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Are Windows 11 security features killing your gaming performance? Everything You Should Know.

Microsoft has revived the topic that has been a hot issue within the gaming community on PCs recently regarding Windows 11’s security capabilities. After Windows 11 launched, there was a ruckus from PC gamers over the security features that are disabled as a default feature in Windows 11. Particularly, Virtualization Based Security or VBS.

PC GamerS wEE furious when they saw an increase of 28% within Shadow of the Tomb Raider, but Windows 11 at the time was experiencing performance drops of up to 15% in certain instances; therefore, the results weren’t out of line.

Out Of the six games we tried, Assassin’s Creed Valhallareturned the most dramatic difference, with an astounding 4.5 percent increase with security features turned off. Uncharted Legacy of Thievessimilarly did not see a 2.8 percent increase, while far Cry 6 returned a 1.8 percent rise. Gears Tacticsshowed an increase of 4.6 percent ; however, the most impressive result was obtained with HVCI disabled.

What exactly is VBS?

Microsoft’s support guide gives instructions on how to disable Memory Integrity and Virtual Machine Platform (VMP). VBS has been regarded as the standard of Windows 11 security, but it’s an umbrella term that allows other security features that are available in Windows 11. Hypervisor-Enforced Cod Integrity (HVCI) is the most prominent feature and is enabled via VBS.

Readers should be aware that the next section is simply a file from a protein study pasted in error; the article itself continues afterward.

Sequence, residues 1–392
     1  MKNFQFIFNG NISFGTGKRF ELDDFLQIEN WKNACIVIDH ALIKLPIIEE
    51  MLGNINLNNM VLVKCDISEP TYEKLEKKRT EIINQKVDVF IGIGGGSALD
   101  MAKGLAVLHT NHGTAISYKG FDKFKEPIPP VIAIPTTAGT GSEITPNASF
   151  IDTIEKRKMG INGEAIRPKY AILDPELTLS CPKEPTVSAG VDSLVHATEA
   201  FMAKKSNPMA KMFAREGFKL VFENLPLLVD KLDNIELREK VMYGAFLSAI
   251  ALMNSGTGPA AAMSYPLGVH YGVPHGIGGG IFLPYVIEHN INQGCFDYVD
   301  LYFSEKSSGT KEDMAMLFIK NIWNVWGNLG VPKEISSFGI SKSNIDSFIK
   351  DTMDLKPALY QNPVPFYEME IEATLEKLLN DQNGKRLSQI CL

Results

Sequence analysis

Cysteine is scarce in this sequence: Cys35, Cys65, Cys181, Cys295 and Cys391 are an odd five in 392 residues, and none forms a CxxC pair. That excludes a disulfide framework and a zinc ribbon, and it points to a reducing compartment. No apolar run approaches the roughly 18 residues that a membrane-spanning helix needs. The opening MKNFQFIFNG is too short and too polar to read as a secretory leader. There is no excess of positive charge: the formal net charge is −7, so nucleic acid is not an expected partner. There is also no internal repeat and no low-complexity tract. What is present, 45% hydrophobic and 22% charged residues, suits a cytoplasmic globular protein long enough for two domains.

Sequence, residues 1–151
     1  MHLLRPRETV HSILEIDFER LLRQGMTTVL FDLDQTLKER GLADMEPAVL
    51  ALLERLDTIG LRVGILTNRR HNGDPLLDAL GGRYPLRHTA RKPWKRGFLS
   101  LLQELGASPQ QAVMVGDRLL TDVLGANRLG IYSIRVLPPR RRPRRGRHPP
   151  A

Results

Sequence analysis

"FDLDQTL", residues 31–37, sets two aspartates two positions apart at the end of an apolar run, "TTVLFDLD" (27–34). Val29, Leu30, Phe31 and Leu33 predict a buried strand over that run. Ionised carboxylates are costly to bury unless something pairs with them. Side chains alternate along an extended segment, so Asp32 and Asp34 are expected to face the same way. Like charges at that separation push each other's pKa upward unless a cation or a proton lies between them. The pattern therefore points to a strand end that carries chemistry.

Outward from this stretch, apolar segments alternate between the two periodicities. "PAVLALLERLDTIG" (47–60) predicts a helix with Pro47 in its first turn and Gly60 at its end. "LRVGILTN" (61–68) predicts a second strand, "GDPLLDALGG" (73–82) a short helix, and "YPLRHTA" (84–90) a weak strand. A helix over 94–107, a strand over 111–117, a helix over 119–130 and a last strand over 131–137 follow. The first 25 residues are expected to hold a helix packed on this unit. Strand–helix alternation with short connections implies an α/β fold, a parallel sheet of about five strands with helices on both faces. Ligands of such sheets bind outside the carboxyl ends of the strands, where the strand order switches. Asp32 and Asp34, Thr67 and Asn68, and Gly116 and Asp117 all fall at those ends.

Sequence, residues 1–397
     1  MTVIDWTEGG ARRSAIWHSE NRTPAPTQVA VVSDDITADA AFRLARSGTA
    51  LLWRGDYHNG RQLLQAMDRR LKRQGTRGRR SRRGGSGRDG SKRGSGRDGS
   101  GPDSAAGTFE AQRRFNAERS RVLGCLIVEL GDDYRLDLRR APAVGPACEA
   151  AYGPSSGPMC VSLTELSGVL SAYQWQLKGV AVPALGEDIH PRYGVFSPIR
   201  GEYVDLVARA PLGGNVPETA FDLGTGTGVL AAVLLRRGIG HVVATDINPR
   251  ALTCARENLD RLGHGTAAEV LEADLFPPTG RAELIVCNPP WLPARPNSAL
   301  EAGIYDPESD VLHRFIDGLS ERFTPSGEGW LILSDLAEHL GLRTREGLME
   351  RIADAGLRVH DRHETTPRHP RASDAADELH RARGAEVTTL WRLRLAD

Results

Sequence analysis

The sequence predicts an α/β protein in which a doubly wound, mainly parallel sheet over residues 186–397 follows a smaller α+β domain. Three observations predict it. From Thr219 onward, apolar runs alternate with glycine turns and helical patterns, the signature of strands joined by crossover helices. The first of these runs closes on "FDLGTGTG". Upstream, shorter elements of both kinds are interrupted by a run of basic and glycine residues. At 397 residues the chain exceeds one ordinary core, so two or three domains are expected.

VBS takes a small amount of memory away from Windows and separates its operating system. It can host features such as HVCI, which check drivers before they are stored in memory. It can also verify the integrity of your code as you load apps, making sure that malicious programs don’t encase certain codes under the OS. VMP is an application that allows virtualization. Turning off the feature disables VBS for the computer. It’s not a major issue for the majority of people.

This VBS discussion is a little over a year old at the moment; however, Microsoft brought it back to the forefront with its support guide. It’s not a mistake however; it shouldn’t bother anyone else, also. New installs from Windows 11 don’t have HVCI disabled by default, only VBS. My data suggest that HVCI accounts for the majority of performance decreases (though some other benchmarks suggest VBS generally plays a part also).

Desktops that you purchase off the shelves could have HVCI disabled, in particular when they’re designed for gaming. Laptops, on the other hand, are likely to include HVCI activated. This is a great thing for login options, such as the fingerprint reader that laptops have. Like Microsoft’s Jeremy Chapman showed near Windows 11’s release and the absence of HVCI permits things as absurd as using the gummy bear as a way to authenticate fingerprint scanners.

If your gaming computer isn’t performing to the standard you’d like, you should consider looking into different options to get more performance from your PC without spending the money to buy new equipment. However, VBS isn’t on the list of priorities, even with Windows 11. 

A small amount of data suggests that some Ryzen 7000 processors experience approximately a 15% decline in gaming performance because of how Windows handles multi-threading. This is a far more important issue rather than the tiny margins VBS could represent.


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